One of the most discussed aspects of the last few months has been the issue of online examination. The sudden transition to online delivery worked reasonably well for teaching and collaboration, but teachers whose courses rely on traditional written examinations had difficulties and there are plenty of news stories on the increase in cheating in such settings. Many exams relied on makeshift invigilation via Zoom/Teams/Skype since there was no time to find a more secure option. Online proctoring systems were purchased by many institutions, often hastily, and have resulted in some privacy issues as illustrated in an article in Sydney Morning Herald, 'You’re being watched and recorded, every breath': Students unsettled by exam software.
It’s not fun, knowing you’re being watched and recorded, every breath and movement. It’s even more invasive than a normal exam. Someone is staring at just you, but you have no idea who it is.
In many cases it was not possible to change the whole assessment process so quickly since such changes in a curriculum must be announced to students before commencing the course. 

There's a good discussion on online cheating in an article in Inside Higher EdBest Way to Stop Cheating in Online Courses? ‘Teach Better’. It's based on a webcast, The Academic Integrity Braintrust, featuring three experts in the field, Tricia Bertram Gallant (University of California San Diego), Douglas Harrison (University of Maryland) and David RettingerUniversity of Mary Washington. One important point to remember when judging spring term 2020 is that it was a global crisis when all university education went online with virtually no preparation time. Students were forced to study from home, in less than perfect learning spaces and with often considerable pressure and stress. The temptation to cheat is very strong and if the opportunity arises to cut a corner, many of us will.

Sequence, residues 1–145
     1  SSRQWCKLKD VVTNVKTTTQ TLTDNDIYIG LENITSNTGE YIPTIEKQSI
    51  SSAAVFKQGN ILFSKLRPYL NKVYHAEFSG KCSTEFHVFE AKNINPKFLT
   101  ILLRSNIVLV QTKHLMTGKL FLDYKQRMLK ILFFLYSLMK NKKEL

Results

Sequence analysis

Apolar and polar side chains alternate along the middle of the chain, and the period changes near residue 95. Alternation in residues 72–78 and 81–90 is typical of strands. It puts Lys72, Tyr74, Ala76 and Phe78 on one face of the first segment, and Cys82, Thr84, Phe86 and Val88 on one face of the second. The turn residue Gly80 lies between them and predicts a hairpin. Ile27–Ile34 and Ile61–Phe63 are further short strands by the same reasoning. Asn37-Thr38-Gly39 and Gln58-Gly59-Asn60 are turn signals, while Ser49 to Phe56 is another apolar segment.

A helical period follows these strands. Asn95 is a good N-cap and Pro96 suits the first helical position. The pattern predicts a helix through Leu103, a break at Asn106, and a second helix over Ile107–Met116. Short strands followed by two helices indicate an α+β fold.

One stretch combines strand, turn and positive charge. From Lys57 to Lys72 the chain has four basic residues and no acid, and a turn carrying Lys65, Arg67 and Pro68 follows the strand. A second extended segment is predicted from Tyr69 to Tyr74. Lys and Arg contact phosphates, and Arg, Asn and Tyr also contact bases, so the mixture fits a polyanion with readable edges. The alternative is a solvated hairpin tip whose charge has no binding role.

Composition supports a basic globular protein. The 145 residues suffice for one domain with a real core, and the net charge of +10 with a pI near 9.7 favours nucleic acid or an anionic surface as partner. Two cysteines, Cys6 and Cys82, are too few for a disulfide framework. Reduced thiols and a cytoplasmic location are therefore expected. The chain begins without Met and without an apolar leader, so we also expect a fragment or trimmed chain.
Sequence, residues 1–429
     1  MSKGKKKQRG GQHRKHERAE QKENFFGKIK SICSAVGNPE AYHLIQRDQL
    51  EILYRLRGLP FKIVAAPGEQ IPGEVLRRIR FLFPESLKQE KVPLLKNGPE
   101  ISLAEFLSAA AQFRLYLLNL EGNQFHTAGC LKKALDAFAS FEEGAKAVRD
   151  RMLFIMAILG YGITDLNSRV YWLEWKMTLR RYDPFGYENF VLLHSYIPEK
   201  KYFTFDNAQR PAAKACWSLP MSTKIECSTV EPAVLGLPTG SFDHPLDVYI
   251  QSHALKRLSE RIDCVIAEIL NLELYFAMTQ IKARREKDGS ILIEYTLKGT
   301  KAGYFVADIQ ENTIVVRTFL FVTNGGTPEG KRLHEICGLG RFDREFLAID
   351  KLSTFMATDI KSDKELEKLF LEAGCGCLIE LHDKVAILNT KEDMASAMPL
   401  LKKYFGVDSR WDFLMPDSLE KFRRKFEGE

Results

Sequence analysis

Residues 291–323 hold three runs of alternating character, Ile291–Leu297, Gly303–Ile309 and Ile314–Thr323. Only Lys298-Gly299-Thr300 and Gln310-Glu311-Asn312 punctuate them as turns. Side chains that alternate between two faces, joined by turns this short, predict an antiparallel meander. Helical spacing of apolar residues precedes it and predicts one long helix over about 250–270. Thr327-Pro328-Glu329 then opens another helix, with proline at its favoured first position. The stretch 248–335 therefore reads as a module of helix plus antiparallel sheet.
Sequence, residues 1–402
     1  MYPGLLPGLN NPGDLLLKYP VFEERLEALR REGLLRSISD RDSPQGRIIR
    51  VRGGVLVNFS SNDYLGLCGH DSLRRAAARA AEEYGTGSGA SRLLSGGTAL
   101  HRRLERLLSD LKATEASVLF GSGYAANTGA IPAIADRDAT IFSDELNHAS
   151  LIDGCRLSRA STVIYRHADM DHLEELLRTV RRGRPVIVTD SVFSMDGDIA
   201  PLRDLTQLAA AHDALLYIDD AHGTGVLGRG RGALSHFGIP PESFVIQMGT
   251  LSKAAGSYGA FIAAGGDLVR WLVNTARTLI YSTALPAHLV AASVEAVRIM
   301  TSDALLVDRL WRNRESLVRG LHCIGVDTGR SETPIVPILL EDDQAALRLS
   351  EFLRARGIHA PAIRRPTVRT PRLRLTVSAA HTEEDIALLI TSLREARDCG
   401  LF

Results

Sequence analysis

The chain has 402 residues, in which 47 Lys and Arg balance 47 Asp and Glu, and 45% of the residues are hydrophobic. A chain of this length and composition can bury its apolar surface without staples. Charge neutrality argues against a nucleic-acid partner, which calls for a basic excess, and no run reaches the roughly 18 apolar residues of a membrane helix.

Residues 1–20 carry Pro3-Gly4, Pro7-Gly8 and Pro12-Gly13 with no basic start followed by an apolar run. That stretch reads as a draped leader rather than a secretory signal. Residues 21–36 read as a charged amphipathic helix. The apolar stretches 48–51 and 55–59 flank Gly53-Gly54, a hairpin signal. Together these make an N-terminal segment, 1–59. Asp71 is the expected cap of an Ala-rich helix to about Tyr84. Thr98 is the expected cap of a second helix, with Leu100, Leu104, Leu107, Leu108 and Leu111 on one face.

An important factor that leads to cheating is when students feel isolated and out of touch with teachers and colleagues. Harrison picks up this theme:
... when students don’t feel connected and a sense of belonging to the learning community, whether it's online or face-to-face, they are more likely to detach from any sense of collective community responsibility or ethics and substitute for that a pure ethic of mercenary self-interest.
 Maybe increased focus on team-building activities and collaborative learning could create a climate where cheating becomes irrelevant, especially if the course builds on group assignments and the demonstration of skills. Ramping up surveillance and prevention only leads to a cat and mouse mentality. Harrison again:
We end up focusing on the worst possible negative outcomes that the most malicious and malintended student would engage in, rather than starting with, 'What’s the best teaching and learning experience I can construct and deliver for the vast majority of students who are there to learn authentically and who want to succeed?
As a way forward, David Rettinger offers a list of small scaleable changes for improving academic integrity, based largely on community building and the redesign of assignments and assessments. Establishing a sense of community takes time and requires careful planning, but if the class can agree on common ground rules for how they want to work this can lead to a sense of group loyalty that makes cheating extremely difficult to consider. Academic integrity issues need to be taught and discussed and institutional policies made clear to all. Basically, if the students are consulted and involved in how they learn they will be much less likely to cheat. In terms of examination forms, using numerous low-stake tests or assignments reduces stress and makes cheating less tempting.
Rettinger said he had replaced exams in some courses with lots of low-stakes quizzes -- with "stakes so low that it’s not worth cheating." When his courses do include final exams, they are open book, and all of the questions on them are drawn from those students have shared in discussion boards over the course of the term, so that "gives them a sense of control over the assignment."
Maybe this experience will see a drop in traditional 3-4 hour exam hall testing once our campuses open up again. Maybe we can move to more project-based assessment and assignments that reflect the skills and knowledge used in professional situations. Maybe ...

Saturday, June 27, 2020

Binge learning - keeping learners hooked